I’m an amateur imager and love to shoot cars and bikes, usually at crowded shows with the rides parked closely together and tons of spectator’s standing even closer. If you have ever shot a show you know the scenario, an extreme exercise in patience and creativity of framing. Even on the best days however sometimes there is a shot where the ride is truly an inspiration but there is just no way frame it up no matter what you try. Many times in the past I just did not make that shot because I thought there was no hope of producing a quality image but, over the last few years however I became interested in and tried some basic compositing skills and my new approach has opened up many new opportunities!
Last year while shooting at the Amelia Concours I took some shots of the amazing “Bentnik” ride sitting in a packed lot waiting to be shown at Auction inside the Ritz Hotel. As you can see from the picture below (middle or 0ev exposure), the surroundings were impossible, I could not even get a set in without people’s heads in the glass, there was an endless flow of spectators. I loved the ride and just did not know what to do with, but I kept it, 7 months later while combing the archives an idea fell into place (this goes for most of my work). Another thing I have put into practice is shoot anything that looks interesting and could possibly serve as a background in the future, not a keeper in itself just files waiting to provide help support spontaneous inspiration sometime in the future.
This shot from the very surreal “South of the Border” in South Carolina seemed to be a possible background. I shot it at a few angles with possibly setting a bike in the foreground, never a car!
99% of my work is multiple exposure HDR images so each of the images you see in Photoshop were already processed using Photomatix using three images each that were autobracketed and handheld @ 2EV.
- Does it fit? Using the Move Tool, drag the ride on top of the background
- Lower the Opacity so you can see both layers enough to set the car into position.
- Bring the opacity back up to 100 and use the History Brush Tool to paint the background into view.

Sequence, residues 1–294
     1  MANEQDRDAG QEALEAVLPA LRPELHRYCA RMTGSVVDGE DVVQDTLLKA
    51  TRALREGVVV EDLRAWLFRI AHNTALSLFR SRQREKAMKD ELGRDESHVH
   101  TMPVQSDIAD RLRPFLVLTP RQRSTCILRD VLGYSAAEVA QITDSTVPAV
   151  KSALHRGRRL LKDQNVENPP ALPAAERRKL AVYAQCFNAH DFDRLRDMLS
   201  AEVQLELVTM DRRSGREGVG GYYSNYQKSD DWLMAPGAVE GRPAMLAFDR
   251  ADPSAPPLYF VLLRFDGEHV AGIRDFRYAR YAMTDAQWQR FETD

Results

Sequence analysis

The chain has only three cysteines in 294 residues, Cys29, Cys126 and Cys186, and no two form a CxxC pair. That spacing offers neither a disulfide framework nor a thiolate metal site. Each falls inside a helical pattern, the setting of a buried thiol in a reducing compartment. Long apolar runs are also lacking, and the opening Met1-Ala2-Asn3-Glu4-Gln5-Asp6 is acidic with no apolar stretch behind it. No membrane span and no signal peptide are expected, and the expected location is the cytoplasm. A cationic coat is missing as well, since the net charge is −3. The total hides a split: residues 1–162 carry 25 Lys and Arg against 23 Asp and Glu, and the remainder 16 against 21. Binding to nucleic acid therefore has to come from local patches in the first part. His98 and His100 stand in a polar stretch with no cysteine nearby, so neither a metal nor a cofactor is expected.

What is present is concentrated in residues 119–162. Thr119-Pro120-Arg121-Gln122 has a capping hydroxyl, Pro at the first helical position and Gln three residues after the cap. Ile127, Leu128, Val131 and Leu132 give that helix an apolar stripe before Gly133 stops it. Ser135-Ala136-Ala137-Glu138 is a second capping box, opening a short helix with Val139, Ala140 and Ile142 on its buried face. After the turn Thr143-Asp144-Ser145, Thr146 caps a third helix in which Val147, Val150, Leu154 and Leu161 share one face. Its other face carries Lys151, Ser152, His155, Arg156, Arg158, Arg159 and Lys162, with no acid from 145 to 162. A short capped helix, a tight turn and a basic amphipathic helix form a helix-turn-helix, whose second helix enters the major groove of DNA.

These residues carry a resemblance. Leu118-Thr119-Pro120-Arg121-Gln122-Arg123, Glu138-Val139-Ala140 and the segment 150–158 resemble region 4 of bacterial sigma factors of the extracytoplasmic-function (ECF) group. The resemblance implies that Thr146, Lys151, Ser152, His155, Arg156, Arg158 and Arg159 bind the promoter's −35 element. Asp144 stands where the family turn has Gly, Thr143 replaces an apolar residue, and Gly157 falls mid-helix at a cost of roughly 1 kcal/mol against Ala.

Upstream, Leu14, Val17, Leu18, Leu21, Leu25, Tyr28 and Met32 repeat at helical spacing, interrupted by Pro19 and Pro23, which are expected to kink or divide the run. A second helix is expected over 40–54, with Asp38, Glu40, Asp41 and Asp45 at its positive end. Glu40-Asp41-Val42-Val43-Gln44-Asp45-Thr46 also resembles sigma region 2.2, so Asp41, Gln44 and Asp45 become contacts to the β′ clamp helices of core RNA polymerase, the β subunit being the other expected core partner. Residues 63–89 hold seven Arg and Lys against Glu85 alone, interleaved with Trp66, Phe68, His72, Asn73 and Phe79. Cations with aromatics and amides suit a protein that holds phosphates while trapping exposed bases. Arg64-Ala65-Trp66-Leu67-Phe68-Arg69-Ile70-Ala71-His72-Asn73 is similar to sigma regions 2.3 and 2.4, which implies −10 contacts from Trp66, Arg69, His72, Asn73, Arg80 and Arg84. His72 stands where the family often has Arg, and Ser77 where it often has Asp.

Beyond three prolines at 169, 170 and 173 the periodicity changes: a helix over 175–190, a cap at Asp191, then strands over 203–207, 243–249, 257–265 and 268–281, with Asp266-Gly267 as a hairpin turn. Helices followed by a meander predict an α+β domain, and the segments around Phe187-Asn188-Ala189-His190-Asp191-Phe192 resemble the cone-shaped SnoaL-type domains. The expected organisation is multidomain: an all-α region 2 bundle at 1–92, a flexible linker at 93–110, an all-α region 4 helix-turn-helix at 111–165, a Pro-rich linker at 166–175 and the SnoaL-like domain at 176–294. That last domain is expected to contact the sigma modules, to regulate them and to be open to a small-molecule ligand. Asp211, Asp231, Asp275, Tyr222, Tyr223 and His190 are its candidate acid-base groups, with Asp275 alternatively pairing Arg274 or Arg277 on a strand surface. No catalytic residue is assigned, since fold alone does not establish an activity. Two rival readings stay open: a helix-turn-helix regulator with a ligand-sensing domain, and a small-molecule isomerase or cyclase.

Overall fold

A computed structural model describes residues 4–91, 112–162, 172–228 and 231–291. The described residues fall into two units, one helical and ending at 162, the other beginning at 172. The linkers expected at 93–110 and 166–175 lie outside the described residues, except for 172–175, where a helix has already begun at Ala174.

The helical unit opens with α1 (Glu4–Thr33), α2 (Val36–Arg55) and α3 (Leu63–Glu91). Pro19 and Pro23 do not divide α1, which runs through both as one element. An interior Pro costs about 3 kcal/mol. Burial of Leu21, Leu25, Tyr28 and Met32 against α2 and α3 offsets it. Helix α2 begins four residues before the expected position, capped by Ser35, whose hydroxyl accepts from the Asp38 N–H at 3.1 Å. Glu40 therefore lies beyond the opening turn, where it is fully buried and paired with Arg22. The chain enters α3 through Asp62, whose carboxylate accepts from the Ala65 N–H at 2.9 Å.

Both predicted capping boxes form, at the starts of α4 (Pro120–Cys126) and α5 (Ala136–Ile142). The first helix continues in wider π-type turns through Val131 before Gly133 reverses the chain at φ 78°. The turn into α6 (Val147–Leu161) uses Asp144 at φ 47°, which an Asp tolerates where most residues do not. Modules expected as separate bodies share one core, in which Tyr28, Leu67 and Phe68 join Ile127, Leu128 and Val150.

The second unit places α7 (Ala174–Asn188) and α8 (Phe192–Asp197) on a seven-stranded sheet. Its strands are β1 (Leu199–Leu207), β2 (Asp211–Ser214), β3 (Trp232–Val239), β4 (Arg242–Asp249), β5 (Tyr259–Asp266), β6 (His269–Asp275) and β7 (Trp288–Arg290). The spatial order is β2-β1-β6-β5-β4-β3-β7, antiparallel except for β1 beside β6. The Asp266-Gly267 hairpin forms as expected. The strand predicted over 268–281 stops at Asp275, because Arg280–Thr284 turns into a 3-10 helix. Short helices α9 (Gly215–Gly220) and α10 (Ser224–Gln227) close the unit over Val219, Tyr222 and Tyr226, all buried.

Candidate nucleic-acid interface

Decision point One. Things don’t always line up quite right, for this one I had to resize the car image after my first draft lineup try to get it to fit properly in the surroundings/perspective. On this corner my thought was to paint in an angled line and then fill the edge of the cement with brush and the extra space with cement to make it appear to be part of the parking lot.
Decision point Two. This was a bit easier to see and execute just a nice fill of cement but leaving the yellow lines and wet deck in place.
Decision point Three. How to get the heads from the glass and bring in the sign features but maintain a natural look. No idea on this one initially, that’s why I saved it for last!
- 1. Get rid of the heads and leave a nice layer to work. I used the Clone Stamp tool working from top to bottom on the reflected seat curves.
- 2. I applied the same basic process to the rest of the dome. For those areas that just did not blend quite right I used the Spot Healing Brush in Proximity match to clean them up.
- 3. Filling in the sign. I set my History Brush Opacity to 18% and painted in a large even single stroke across the main area of the window, then resized and again for the area above the frame. For the reaming areas using a small brush at 8% I finished it off.
As with my shooting, erratic, unplanned and from the hip I find these simple inspirations while archive diving trying to save that one ride image I just loved but couldn’t frame up properly. Sometimes the shots used span a period of years and the idea just as long but the outcomes are always an amazing surprise and well worth the wait. Shoot backgrounds anywhere and everywhere, if the ride is an inspiration but impossible to frame up shoot it anyway and save it for another day!